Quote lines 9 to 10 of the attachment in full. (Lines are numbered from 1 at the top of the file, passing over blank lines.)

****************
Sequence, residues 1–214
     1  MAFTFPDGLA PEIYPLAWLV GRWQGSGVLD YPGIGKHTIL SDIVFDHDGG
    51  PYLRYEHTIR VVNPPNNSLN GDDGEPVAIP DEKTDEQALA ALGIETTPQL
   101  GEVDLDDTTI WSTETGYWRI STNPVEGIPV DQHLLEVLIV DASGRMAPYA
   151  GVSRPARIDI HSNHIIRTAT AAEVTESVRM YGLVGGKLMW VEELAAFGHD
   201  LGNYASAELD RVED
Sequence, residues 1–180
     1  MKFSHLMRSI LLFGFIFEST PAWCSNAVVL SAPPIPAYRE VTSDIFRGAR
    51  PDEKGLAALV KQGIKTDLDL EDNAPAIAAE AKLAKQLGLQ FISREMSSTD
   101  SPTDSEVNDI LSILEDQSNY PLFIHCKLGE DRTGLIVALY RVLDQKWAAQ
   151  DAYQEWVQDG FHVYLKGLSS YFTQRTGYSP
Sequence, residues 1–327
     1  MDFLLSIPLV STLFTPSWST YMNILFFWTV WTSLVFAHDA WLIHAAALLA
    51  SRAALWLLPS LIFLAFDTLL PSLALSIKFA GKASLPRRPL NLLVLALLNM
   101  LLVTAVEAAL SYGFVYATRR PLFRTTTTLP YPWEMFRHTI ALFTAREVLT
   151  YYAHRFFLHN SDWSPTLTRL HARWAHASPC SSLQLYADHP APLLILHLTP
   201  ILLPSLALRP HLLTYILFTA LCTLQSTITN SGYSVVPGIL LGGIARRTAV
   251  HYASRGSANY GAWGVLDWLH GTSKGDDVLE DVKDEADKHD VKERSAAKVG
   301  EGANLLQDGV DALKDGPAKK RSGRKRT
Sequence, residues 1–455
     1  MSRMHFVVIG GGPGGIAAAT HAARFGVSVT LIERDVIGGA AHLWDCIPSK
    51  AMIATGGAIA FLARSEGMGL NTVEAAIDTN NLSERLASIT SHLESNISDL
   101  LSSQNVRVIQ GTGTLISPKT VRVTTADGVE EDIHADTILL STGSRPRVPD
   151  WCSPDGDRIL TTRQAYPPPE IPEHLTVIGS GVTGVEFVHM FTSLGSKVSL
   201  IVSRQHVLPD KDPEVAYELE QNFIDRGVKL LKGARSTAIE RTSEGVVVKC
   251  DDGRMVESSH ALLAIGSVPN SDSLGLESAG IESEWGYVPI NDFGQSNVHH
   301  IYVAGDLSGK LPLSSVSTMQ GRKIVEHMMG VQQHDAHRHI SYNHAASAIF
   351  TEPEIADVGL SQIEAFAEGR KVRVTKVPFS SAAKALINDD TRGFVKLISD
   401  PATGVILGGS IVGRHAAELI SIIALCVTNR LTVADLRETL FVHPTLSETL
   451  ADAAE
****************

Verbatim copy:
    51  PDEKGLAALV KQGIKTDLDL EDNAPAIAAE AKLAKQLGLQ FISREMSSTD
   101  SPTDSEVNDI LSILEDQSNY PLFIHCKLGE DRTGLIVALY RVLDQKWAAQ